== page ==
Pinholes in stereo

Pinhole images – why be satisfied with one when you can get cross-eyed over a pair?

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A few weeks ago while spending a dull, wet weekend clearing up my photo stuff I came across a box of odd bits of Harman Direct Positive paper left over from a workshop I ran quite some time ago. I was pretty sure the paper hadn’t been handled in entirely light-safe conditions and would be fogged but rather than waste it I loaded it into a variety of cans and boxes all of which had been converted for pinhole use. When the weather improved I could have a play and see what transpired from the paper!

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Anything that can be made light-tight is potentially a pinhole camera.

One of the converted boxes had been a Father’s Day gift containing whisky flavoured truffles. Once the contents had been dealt with the true purpose of the box was realised as a two-shot pinhole camera, allowing for two separate exposures to be made before having to return to the darkroom or fumble in the dark bag for a change of paper or film. Two chambers and a frame to hold media in place was formed from foamcore, the interior was given a spray of flat black paint, two holes were cut in the lid and pinholes taped over the holes.

OLYMPUS DIGITAL CAMERA
Components of the camera

Coincidentally, I had been reading of my friend Oonagh’s endeavours in 3D imaging with an antique Wray Stereo Graphic 35mm camera. It occurred to me that my two-pinhole Whisky Truffle Pincam could be adapted to make a stereo pinhole camera.

To make images suitable for viewing as a stereo pair, they need to be taken of the same view but from viewpoints slightly apart. That is taken care of by the two adjacent pinhole apertures. The exposure given to each needs to be as near as possible the same – that will depend on how well I can make two equal pinholes!

Ideally to view the 3D effect requires a stereoscope which optically overlaps the images so that the viewer sees a virtual third 3D image. However at the cost of a little discomfort, By squinting at the two images they can be made to overlap in the same way. This would do me for now!

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test stereo shot on old, fogged paper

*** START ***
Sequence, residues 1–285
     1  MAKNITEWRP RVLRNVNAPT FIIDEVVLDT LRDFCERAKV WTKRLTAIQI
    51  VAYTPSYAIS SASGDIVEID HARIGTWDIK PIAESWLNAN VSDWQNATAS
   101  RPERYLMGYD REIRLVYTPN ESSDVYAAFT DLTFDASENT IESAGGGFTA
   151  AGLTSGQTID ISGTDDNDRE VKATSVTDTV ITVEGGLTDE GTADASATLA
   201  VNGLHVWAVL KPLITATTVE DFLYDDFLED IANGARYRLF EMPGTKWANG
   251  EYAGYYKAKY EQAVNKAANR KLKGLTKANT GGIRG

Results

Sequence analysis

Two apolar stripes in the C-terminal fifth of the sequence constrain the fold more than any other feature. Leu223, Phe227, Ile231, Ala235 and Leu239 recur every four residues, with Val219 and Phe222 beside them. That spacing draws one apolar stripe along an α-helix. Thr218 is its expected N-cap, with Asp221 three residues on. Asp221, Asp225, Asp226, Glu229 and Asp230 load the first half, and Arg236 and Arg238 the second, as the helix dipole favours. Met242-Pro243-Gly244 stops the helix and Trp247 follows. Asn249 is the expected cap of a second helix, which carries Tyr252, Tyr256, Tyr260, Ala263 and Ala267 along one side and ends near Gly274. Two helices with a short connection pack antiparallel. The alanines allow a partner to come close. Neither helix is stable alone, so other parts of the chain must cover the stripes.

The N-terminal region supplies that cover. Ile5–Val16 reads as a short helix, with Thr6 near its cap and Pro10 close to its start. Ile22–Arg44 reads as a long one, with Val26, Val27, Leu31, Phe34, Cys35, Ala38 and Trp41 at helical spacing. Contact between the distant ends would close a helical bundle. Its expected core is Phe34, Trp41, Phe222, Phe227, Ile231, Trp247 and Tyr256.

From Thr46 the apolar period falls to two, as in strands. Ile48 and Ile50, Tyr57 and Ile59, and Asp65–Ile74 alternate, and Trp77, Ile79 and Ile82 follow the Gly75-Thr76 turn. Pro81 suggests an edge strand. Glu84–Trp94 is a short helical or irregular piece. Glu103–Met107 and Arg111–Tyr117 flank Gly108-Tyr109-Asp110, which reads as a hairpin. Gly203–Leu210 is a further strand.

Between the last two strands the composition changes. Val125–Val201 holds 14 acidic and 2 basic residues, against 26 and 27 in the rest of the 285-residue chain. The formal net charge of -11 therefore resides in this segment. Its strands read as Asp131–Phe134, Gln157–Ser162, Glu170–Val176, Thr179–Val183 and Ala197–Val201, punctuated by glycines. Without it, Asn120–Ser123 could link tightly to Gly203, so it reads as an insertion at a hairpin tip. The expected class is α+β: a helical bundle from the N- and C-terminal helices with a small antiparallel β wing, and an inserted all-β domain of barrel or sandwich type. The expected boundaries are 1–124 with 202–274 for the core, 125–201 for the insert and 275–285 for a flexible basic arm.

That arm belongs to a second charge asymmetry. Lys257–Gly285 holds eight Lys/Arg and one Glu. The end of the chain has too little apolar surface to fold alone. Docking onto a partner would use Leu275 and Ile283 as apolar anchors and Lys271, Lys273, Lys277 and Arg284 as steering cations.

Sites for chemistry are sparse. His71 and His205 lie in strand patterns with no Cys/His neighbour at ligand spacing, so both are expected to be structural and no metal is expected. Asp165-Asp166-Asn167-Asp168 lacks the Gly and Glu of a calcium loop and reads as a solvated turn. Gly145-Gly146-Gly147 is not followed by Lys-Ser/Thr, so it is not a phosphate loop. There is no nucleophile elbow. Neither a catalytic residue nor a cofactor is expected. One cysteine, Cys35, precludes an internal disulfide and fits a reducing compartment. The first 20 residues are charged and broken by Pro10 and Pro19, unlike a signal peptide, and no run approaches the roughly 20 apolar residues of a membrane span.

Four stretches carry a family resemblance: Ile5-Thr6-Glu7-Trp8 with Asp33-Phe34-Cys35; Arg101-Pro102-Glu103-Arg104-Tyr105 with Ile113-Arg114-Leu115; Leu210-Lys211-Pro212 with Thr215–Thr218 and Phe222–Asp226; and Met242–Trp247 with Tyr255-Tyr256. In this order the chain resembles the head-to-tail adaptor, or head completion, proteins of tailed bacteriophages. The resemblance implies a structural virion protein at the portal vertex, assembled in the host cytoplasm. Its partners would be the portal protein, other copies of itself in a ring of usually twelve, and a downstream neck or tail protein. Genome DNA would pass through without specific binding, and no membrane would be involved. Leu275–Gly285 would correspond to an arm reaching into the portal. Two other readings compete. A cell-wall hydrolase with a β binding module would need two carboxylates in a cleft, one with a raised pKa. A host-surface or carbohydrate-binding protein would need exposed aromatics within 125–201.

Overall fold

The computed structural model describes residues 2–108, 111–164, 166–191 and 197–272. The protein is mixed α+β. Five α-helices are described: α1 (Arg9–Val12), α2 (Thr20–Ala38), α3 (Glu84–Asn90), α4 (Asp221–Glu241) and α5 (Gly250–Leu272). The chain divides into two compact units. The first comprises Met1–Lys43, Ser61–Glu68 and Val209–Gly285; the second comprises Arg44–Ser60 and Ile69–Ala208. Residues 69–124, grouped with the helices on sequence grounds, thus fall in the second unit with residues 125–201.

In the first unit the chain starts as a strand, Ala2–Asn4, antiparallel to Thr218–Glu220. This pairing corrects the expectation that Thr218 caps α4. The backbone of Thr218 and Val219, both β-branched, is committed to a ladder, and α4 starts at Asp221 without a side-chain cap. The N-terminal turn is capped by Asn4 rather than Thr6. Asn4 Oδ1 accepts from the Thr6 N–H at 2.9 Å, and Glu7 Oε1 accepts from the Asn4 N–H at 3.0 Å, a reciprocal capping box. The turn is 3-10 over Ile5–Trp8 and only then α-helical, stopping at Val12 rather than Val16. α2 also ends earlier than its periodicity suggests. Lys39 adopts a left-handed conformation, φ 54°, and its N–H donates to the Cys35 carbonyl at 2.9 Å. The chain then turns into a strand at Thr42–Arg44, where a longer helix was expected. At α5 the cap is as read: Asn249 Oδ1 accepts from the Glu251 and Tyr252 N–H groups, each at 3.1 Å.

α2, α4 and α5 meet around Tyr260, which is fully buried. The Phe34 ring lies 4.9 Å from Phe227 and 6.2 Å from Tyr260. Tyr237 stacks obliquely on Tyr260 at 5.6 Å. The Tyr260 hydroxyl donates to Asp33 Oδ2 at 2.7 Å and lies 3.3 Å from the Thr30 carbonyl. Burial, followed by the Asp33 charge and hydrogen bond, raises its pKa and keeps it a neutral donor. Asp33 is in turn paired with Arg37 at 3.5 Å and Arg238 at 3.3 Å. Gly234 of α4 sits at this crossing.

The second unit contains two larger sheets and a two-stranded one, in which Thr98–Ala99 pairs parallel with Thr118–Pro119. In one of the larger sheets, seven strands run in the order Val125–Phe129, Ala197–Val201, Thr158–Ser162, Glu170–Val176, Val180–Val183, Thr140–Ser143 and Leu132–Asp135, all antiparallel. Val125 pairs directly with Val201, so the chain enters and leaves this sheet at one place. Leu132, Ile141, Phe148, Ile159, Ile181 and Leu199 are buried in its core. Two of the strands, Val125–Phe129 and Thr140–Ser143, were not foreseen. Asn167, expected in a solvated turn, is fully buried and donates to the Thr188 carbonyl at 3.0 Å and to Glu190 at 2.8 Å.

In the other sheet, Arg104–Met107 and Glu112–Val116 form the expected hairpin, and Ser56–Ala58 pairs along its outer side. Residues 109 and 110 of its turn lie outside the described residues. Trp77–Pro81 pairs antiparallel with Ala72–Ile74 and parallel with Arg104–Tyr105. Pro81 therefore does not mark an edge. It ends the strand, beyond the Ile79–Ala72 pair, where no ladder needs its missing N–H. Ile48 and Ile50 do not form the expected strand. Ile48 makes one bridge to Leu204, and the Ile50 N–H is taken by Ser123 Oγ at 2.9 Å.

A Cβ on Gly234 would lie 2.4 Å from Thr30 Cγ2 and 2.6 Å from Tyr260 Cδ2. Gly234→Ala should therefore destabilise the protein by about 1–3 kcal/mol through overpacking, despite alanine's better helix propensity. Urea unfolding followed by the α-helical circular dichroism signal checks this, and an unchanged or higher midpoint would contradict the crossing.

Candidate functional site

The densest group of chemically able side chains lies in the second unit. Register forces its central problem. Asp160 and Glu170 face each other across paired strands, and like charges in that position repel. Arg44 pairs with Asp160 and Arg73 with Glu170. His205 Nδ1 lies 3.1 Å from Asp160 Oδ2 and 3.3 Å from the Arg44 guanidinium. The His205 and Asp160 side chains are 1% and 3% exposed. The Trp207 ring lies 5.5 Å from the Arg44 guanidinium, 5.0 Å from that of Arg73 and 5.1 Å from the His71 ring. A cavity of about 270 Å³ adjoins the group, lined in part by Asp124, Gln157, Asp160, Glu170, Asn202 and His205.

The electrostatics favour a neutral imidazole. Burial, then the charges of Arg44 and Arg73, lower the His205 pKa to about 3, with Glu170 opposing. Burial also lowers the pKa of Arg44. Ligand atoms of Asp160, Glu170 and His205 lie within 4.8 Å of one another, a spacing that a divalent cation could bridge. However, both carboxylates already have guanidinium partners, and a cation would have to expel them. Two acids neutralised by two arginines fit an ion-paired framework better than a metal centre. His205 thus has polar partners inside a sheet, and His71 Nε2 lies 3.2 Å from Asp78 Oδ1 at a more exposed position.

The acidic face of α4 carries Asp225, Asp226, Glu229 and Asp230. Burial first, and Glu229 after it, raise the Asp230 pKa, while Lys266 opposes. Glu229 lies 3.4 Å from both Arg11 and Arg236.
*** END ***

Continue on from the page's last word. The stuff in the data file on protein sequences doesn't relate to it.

The original pinhole apertures were just as they had been made. In true pinhole fashion there had been no attempt to match them. My first test stereo image confirmed that my Direct Positive paper was indeed fogged but as my purpose was to compare the differences in aperture, the expected fogging was not important. More significantly, the first pair of images show that the Right pinhole (the one on the left!) was wider than that on the Left (the one on the right!). This would need to be corrected if I was to make a successful stereo image pair.

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result of enlarging the pinholes in an attempt to balance them

Having made my initial assessment, I decided to balance the apertures by attempting to enlarge the Left pinhole just a smidge. Of course having made the intended adjustment I felt the smidge was perhaps a tad too much and so adjusted the Right pinhole by the said tad, more or less. The result was not pleasant with both images now overexposed, too soft and neither a match for the other.

There was only one thing for it: re-make the pinholes from scratch, aiming for a matched pair. The optimum aperture diameter for a pincam with a projection distance (i.e. focal length) of 36mm is around 0.25mm so that’s what I was aiming for although size was less important than equivalence.

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high resolution scan of pinholes and millimetre rule

By laying the pinholes alongside a millimetre rule on the bed of my scanner and scanning them at its highest resolution I was able to make reasonably accurate measurements of their respective diameters and an assessment of their regularity. The Left pinhole measures 0.33mm and is quite a clean, round hole while the Right pinhole is 0.30mm, more elliptical and a bit rough on one side. With a projection distance of 36mm the relative apertures were f/110 and f/128.

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final attempt – not quite there but getting close

The difference between f/110 and f/128 would have been neither here nor there in a single exposure ‘regular’ pincam but I was surprised by the effect on the final pair of stereo images of such an apparently small difference in aperture. Ideally for a stereo pair, the exposure given to each image should be precisely the same. That said I’m satisfied with the closeness achieved.

(I had attempted in the final image to add an extra layer of depth in the form of a ghostly selfie in the gap between the foreground stump and the distant tree. Unfortunately I missed my positioning but look carefully and I can be seen directly in front of the tree!)

Author: Donald Tainsh

A lifelong explorer of photography

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